Our in-house recipe inspired by sizzling summers spent on the Med.
Photography: Martin Bruno
Recipe & food styling: Aya Nishimura
This month’s summery dish channels our fond feelings for the Mediterranean and memories of steamy platters of fresh seafood topped off with a herby zing from our own sharp salsa verde.
Fussy eaters retain a certain squeamishness for squid but these fast-moving molluscs grace tables the world over: battered and served with chips in the Antipodes, fried throughout Asia and gobbled by the mouthful across northern Europe and the US as a salt’n’pepper-lashed starter. In spite of a reputation for being rubbery, it can be enjoyed raw as sashimi; it only attains a leathery toughness when it’s under-done by over-cautious (or plain careless) cooks.
Calamari, as it often surfaces as on menus, is a nom de plume that stems from the Latin for “ink pot”, a poetic turn of phrase given to the black fluid a squid squirts to avert its undersea predators (humans aren’t alone in liking them: marlins, tuna, groupers, sharks, rays and dolphins also enjoy the taste). It’s a fairly forthcoming meal after all: most of the squid is edible. It’s just us humans who discard the beak and gladius, or “quill” as some cooks call it.
Even the ink is a delicacy, often added to pasta, paella or fish dishes for its dramatic obsidian colour and subtle saltiness. The tougher tentacles – beloved by fathers for teasing picky kids – are gamier and more often deep fried. The body, sometimes known as the “hood”, is usually sliced widthways into rings or scored with a knife so it curls alluringly like the twirl of a snail shell when heat is applied.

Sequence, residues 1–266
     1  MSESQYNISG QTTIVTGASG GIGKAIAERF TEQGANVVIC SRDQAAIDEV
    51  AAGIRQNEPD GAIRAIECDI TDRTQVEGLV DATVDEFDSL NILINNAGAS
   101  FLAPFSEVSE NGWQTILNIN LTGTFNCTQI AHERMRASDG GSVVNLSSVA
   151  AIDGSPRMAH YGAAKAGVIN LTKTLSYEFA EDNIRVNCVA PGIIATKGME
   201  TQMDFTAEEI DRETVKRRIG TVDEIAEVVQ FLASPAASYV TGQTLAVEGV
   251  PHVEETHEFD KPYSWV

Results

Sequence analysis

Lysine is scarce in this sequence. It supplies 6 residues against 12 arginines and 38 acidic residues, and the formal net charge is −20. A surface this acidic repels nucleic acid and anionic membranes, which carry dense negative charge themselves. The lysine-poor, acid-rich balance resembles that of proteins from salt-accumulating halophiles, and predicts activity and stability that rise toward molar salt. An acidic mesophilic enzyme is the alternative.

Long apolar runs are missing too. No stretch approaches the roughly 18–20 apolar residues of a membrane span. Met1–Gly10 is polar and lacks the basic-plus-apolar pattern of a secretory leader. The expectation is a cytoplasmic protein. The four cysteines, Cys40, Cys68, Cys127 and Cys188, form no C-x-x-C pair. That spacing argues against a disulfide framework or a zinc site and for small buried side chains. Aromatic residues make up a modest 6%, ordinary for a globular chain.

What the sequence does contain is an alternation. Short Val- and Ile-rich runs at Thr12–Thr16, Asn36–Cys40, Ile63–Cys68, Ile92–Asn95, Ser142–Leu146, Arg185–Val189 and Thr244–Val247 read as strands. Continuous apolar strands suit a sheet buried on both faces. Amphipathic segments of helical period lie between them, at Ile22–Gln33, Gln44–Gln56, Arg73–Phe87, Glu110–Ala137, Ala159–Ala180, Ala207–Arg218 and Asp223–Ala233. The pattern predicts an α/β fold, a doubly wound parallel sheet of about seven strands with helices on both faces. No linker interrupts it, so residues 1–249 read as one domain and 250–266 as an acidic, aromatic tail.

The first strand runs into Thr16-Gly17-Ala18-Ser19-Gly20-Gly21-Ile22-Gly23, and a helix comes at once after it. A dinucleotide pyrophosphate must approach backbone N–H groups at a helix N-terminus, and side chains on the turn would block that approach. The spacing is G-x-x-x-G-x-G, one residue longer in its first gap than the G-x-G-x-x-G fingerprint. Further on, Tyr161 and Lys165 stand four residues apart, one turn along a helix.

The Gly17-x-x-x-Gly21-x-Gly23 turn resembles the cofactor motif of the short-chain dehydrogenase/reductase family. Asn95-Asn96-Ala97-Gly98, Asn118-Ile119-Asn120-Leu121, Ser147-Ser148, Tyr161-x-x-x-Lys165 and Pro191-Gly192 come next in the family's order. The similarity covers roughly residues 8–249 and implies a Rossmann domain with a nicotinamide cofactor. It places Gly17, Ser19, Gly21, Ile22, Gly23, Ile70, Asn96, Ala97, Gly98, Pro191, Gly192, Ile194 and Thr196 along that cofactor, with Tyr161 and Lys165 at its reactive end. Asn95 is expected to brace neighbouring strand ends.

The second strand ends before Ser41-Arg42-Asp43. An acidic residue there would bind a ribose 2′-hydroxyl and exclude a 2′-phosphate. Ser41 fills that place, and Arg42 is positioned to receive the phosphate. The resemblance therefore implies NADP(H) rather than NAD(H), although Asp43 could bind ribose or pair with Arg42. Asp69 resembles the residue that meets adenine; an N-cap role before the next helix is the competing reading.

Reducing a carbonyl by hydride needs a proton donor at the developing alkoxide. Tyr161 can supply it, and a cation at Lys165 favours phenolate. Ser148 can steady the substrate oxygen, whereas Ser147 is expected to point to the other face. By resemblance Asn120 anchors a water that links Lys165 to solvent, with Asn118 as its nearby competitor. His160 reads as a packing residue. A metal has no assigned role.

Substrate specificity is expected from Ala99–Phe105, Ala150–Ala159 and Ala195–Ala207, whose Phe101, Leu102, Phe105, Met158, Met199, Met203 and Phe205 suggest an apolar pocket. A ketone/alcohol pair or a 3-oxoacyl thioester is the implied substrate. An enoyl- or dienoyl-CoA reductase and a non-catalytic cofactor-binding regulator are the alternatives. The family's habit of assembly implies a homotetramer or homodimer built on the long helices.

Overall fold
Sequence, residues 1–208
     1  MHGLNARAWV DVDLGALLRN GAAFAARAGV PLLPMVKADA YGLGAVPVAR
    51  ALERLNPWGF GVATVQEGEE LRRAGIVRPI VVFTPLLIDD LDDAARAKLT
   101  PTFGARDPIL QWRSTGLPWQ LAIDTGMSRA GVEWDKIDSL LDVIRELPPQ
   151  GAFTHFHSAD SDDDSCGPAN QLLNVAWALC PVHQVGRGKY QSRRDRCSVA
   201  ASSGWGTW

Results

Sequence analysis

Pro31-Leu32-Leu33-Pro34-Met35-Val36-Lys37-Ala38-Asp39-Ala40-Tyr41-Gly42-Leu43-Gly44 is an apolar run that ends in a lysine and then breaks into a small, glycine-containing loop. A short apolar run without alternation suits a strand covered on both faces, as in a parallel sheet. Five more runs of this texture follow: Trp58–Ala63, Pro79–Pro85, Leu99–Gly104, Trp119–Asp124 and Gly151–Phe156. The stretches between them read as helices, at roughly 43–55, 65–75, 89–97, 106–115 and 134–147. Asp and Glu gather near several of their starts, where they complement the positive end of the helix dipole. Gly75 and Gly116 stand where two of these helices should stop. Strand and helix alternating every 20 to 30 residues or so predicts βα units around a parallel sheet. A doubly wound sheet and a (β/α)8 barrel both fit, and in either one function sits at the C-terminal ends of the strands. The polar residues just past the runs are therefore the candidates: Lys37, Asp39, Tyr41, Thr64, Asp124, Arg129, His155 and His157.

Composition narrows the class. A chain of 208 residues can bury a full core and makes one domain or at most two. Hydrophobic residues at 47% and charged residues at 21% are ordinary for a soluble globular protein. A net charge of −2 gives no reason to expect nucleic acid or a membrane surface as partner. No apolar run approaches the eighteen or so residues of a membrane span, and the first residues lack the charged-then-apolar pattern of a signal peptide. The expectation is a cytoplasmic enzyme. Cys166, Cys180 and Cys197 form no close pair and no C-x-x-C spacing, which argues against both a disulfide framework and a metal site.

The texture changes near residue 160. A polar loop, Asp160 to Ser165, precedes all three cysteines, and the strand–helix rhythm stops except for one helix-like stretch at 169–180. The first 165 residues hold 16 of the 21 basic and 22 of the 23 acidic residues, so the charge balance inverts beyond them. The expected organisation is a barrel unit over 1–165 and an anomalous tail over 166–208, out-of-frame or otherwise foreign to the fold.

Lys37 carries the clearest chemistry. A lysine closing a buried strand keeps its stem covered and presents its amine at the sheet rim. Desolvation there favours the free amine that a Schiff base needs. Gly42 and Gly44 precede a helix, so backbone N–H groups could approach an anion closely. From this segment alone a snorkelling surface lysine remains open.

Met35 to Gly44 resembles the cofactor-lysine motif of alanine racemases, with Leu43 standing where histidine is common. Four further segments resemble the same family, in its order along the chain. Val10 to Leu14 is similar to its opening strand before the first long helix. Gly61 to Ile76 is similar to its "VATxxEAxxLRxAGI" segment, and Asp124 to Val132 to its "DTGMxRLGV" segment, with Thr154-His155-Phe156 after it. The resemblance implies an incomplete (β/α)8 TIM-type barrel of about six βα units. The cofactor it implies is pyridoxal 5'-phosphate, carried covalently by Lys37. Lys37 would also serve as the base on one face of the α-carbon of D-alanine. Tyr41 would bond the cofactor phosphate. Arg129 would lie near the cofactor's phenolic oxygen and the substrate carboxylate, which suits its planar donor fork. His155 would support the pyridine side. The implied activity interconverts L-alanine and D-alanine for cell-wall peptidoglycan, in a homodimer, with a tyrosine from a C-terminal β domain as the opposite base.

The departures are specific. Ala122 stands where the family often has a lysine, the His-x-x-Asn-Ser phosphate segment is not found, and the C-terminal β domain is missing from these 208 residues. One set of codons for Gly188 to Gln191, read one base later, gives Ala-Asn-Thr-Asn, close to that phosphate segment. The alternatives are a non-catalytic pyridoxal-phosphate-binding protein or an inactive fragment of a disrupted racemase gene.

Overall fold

We’ve paired this tasty marine mainstay with the piquant kick of our own take on a salsa verde – or Grüne Sosse or chimichurri or just plain green sauce, depending on where you hail from. Ours is somewhere between the Italian, French and Spanish iterations – and a celebration of each – made with mint, dill, parsley, capers, chilli and the savoury astringent tang of white vinegar (just a tablespoon, mind). Buon appetito.
25g mint leaves, chopped
25g flat leaf parsley, chopped
25g dill, chopped
1 tbsp of capers, rinsed and drained
1 garlic clove, chopped
1 green chilli, finely chopped with seeds
1 tbsp of white vinegar
¼tsp sea salt
100ml olive oil
700g to 800g floury potatoes
5 to 10 sprigs rosemary
1 ltr vegetable oil
4 fresh, medium squid, cleaned and scored on both sides (you can ask your fishmonger to do this)
4 lemon wedges to serve
- Combine all the ingredients for the salsa verde in a food processor, taste and adjust for seasoning. Add a splash of water if the mixture needs loosening up.
- For the shoestring fries, heat the oil in a large stockpot, slowly bringing the temperature to 180c.
- Fill a large non-reactive bowl with water. Using a mandolin, julienne the potatoes, then place them in the water for 15 minutes to remove the starch. Take the potatoes out of the water and place them on paper towels to dry. Pat the potatoes gently with paper towels until they are completely dry (this is essential to get the fries crispy).
- Test the oil using one of the julienned potatoes – it should bubble vigorously. Place a small number of the potatoes in the oil and fry, stirring every 3 to 4 minutes until golden and crispy, dropping the rosemary leaves into the oil for the final 30 seconds of each batch. Carefully scoop the potatoes from the oil with a slotted spoon and place them on a tray covered with paper towels. Season immediately. Repeat until all potatoes are fried. Keep warm in a low oven (100c).
- Brush squid with olive oil, season with salt and pepper. Place a griddle pan over a high heat and then grill squid for approximately 2 to 3 minutes per side, or until opaque.
- Serve the grilled squid with a generous drizzle of salsa verde, a lemon wedge and the shoestring fries.